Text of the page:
Probably this year. Just kidding! I started in 2001, and in 2005 or 2006 I booked my first TV gig on Comedy Central, for a show called Premium Blend. When that happened, I felt like I became part of this club where the industry wanted to hire me. It took a good four or five years of doing this thing that I love to do, and having no idea where it would go and whether it could make me money. I remember Jay Leno saying that comedy is like college — you have to put at least four or five years in before something happens. And even four or five years into it, you don’t even know your voice yet. You’re still trying to figure it out. That’s why I’m always more interested in older comedians — like, 30 and up — and what they have to say. Someone who’s lived a life and seen some shit.
Have you gone through periods where things weren’t going well, or the audience wasn’t responding, and you second-guessed yourself?
I never really blame the audience I take ownership over my set. I try to approach it like, “You are here to love me. This is a dinner party, and you guys are paying for it. I’m just showing up. I’m the friend that somebody else brought. We’re just going to have a good time.” Once I started thinking like that, then stand-up really shifted for me.
Have you found that your ambition affects your relationships?
That’s the thing: It’s great to be ambitious, but you also have to make time for people who love you and make you feel whole. It’s so important to treat your relationships the way you would treat your career. So yes, I am very ambitious in comedy and the industry and acting, but I’m also very ambitious when it comes to having a good relationship with my husband and my kids. So I plan. I plan the date nights. I plan dinners. I plan the family outings. I plan the time in the morning when we chill, all of that stuff.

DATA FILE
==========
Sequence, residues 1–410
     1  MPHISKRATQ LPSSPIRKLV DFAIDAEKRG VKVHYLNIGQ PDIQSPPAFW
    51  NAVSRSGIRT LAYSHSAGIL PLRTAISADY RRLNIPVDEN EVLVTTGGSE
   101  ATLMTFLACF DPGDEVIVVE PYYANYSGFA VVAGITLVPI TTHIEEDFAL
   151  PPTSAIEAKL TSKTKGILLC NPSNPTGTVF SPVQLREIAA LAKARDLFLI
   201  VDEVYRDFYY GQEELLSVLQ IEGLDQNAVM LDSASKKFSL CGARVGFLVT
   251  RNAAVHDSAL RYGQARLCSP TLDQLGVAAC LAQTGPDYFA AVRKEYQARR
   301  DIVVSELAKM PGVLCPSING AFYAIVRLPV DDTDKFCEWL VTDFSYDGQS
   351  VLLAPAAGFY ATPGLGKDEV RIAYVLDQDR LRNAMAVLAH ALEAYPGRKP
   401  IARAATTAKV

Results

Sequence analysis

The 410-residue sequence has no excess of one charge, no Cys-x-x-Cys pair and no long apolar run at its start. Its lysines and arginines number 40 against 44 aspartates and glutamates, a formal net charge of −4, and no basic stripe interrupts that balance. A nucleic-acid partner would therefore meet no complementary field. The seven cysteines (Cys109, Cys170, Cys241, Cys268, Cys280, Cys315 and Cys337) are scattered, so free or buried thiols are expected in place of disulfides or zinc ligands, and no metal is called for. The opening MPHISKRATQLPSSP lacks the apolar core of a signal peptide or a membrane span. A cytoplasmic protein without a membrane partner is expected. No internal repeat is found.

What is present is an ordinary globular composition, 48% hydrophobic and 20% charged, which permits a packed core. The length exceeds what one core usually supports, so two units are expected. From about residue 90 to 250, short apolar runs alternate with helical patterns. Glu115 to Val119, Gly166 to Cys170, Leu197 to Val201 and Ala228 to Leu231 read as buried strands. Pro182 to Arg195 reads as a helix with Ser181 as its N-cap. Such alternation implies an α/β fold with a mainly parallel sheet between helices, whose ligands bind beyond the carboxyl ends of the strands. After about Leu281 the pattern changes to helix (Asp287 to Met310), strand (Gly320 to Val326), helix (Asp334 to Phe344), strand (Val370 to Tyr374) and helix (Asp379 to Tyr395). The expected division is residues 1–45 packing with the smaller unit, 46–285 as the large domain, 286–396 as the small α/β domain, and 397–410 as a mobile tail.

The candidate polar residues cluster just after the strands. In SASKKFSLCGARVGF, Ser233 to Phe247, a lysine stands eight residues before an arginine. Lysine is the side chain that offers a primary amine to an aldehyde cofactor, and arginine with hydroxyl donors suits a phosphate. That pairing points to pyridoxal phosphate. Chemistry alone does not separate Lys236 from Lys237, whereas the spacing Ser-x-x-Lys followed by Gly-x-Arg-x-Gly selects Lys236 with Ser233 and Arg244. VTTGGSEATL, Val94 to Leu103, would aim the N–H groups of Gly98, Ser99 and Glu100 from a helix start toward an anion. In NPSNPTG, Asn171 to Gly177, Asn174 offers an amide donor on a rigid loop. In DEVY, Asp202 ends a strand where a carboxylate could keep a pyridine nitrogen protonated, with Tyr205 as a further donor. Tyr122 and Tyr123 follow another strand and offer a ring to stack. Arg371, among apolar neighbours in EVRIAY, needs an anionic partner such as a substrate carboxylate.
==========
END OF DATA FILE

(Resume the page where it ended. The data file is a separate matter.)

Has parenthood affected your ambition at all — made it stronger, or shifted it in certain ways?
My ambition is definitely stronger. But I’m also more selective now. My friend Jordan Carlos [a co-host on Buteau’s podcast Adulting] told me, “When you become a parent, you have to start parenting yourself.” And I was like, “Whatever, Jordan.” And then our twins were born, and I was like, “Fuck, he’s right.” So I’m definitely more selective with things that I’m doing, and in turn, better things are happening.
What happens when you take on too much?
My husband checks me. He sprays some lavender on my face and he puts me in a corner. I think it’s really important, as a woman who is trying to do it all at the same time, to have a partner who says, “But you don’t have to.”
For instance, I’m working on new stand-up material and I’ll get frustrated and stressed that it’s not happening right away. And my husband will be like, “Here. Have this CBD edible, and just tell me your joke out loud.” And then I’m completely calm and there’s no pressure. I’m just bouncing jokes off of him. And suddenly, I’ll come up with a better structure or tag. And he’s like, “Yeah. You just need to talk to someone and not yourself.”
Have your ambitions changed as you’ve gotten older?
I think turning 40 was a gift that I didn’t know I needed. I had done four years of IVF, and I was bloated and bruised and my spirit was broken. I tried another year and then I was like, “Okay, I’m good.” I gave myself the license to stop, and go back into stand-up full-heartedly and say, “This is what happened to me. I need to laugh. You all need to laugh.” And that’s when I hit a new stride in my life and in my career. Shit really comes together when you don’t give a fuck anymore.